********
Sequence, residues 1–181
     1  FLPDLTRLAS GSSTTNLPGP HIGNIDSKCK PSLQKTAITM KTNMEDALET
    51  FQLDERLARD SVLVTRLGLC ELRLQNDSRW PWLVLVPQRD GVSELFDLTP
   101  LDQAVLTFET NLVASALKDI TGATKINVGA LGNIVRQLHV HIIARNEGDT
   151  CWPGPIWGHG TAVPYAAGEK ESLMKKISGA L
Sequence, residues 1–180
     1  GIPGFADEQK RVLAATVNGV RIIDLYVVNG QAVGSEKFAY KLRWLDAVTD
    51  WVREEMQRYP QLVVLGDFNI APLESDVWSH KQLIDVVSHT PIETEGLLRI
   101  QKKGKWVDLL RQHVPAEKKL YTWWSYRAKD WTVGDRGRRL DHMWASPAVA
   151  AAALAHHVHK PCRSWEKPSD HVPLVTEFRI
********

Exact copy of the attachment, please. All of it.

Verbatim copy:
Sequence, residues 1–181
     1  FLPDLTRLAS GSSTTNLPGP HIGNIDSKCK PSLQKTAITM KTNMEDALET
    51  FQLDERLARD SVLVTRLGLC ELRLQNDSRW PWLVLVPQRD GVSELFDLTP
   101  LDQAVLTFET NLVASALKDI TGATKINVGA LGNIVRQLHV HIIARNEGDT
   151  CWPGPIWGHG TAVPYAAGEK ESLMKKISGA L
Sequence, residues 1–180
     1  GIPGFADEQK RVLAATVNGV RIIDLYVVNG QAVGSEKFAY KLRWLDAVTD
    51  WVREEMQRYP QLVVLGDFNI APLESDVWSH KQLIDVVSHT PIETEGLLRI
   101  QKKGKWVDLL RQHVPAEKKL YTWWSYRAKD WTVGDRGRRL DHMWASPAVA
   151  AAALAHHVHK PCRSWEKPSD HVPLVTEFRI